Fallen FDNY EMT's uncle, union leaders call for fair pay for EMS providers

The uncle of FDNY EMT Yadira Arroyo, who was killed in 2017, questioned city council over the disparities in pay for EMS versus fire personnel


Shant Shahrigian
New York Daily News

NEW YORK — The uncle of fallen FDNY EMT Yadira Arroyo testified Tuesday that she was barely able to make ends meet on her salary, speaking at a City Council hearing on low pay for the city’s emergency medical services personnel.

“She loved her job but she, like her colleagues, was not given the pay, the resources or the support she deserved,” said the uncle, A.J. Hernandez, noting she often did double shifts and was working one when a career criminal stole her ambulance and mowed her down in March 2017.

A.J. Hernandez, the uncle of fallen FDNY EMT Yadira Arroyo, at City Hall, where he made call Tuesday for higher pay for EMS providers. (Photo/Shant Shahrigian, New York Daily News)
A.J. Hernandez, the uncle of fallen FDNY EMT Yadira Arroyo, at City Hall, where he made call Tuesday for higher pay for EMS providers. (Photo/Shant Shahrigian, New York Daily News)

“She died a hero. This is what heroes do,” Hernandez continued. “Now my question is: Is the loss of my niece’s life different from the loss of a firefighter’s life? My niece saved lives. How is that different from what a firefighter does?”

The question cut to the heart of the matter debated Tuesday: the city’s EMS staff are paid at significantly lower rates than other first responders. The salary of an FDNY EMS provider starts around $35,000 and rises to $50,000 over five years. By comparison, an entry-level firefighter gets about $45,000, which more than doubles over five years.

“The city undermines its EMS workforce, its own reputation and the public it is charged to protect daily by not addressing pay inequalities in our department,” said Michael Greco, vice president of the EMS Local 2507 union.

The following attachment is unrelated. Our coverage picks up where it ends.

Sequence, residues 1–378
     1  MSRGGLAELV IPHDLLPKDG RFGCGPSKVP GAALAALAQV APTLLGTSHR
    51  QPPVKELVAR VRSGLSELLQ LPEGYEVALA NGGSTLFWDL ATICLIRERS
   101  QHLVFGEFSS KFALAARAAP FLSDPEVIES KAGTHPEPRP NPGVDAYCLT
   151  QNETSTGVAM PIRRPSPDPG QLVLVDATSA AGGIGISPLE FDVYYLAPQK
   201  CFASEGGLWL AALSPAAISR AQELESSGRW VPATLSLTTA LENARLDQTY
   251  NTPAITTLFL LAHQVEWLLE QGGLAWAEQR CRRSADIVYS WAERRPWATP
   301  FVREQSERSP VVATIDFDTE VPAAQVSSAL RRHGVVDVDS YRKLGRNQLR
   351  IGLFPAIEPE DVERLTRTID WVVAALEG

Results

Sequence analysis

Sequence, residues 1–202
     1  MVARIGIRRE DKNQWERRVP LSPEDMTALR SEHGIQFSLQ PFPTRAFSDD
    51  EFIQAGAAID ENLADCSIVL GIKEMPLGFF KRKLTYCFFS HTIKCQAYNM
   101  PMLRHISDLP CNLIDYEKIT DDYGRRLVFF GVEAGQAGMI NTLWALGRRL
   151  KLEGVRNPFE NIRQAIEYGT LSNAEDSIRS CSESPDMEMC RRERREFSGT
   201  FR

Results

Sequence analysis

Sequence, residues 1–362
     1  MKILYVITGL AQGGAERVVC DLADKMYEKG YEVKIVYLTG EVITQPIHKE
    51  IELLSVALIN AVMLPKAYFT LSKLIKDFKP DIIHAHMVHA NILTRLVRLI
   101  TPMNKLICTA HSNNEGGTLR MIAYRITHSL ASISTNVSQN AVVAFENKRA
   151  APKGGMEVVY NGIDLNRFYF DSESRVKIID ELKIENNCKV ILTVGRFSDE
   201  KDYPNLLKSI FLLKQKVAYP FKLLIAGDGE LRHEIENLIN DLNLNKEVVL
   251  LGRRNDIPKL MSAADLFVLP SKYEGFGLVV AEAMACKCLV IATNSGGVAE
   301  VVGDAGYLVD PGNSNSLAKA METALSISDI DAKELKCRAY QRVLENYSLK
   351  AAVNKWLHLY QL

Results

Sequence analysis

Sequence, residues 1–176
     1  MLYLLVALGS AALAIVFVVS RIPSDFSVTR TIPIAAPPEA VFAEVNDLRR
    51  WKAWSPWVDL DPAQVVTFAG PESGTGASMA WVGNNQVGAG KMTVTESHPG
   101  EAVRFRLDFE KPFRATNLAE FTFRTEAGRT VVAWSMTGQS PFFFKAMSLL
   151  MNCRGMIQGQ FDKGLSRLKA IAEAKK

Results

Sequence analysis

He said the low pay is contributing to high attrition — adding that the rate is underreported by the city.

“For far too long, numbers have been used against EMS first responders to improperly report attrition rates,” Greco said.

“Every four years, we lose 25% of our members to [FDNY] through a botched process,” he continued. “The [FDNY] then adds insult to injury by referring to this as a ‘promotion.’ ”

FDNY Chief of EMS Lillian Bonsignore acknowledged attrition issues — saying a “key factor in departing members is pay” — but wouldn’t make any promises on pay parity.

Councilman Ydanis Rodriguez (D-Manhattan) asked her, “Do you feel [EMS staff] should have the same salary as firefighters?”

“First responders should be paid appropriately for what they do,” Bonsignore replied, sticking to the line through several rounds of back-and-forth.

Rodriguez and other politicians voiced support for a nonbinding Council resolution calling for pay parity between EMS staff and other first responders. They also argued for a bill that would require the FDNY to give annual reports on resignations.

Hernandez hoped his testimony hadn’t fallen on deaf ears, saying that EMS staff “are leaving with no [other] choice, and the ones that stay are struggling.”

He added that Mayor de Blasio had let him and his family down after Arroyo’s death, saying the mayor refused to help get her posthumously promoted but promised at her funeral that unnamed connections with “unimaginable wealth” would make sure her family was taken care of.

“That never materialized,” Hernandez said, calling de Blasio’s remarks “all fluff and no substance.”

The mayor’s office did not immediately provide comment.

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©2020 New York Daily News

McClatchy-Tribune News Service

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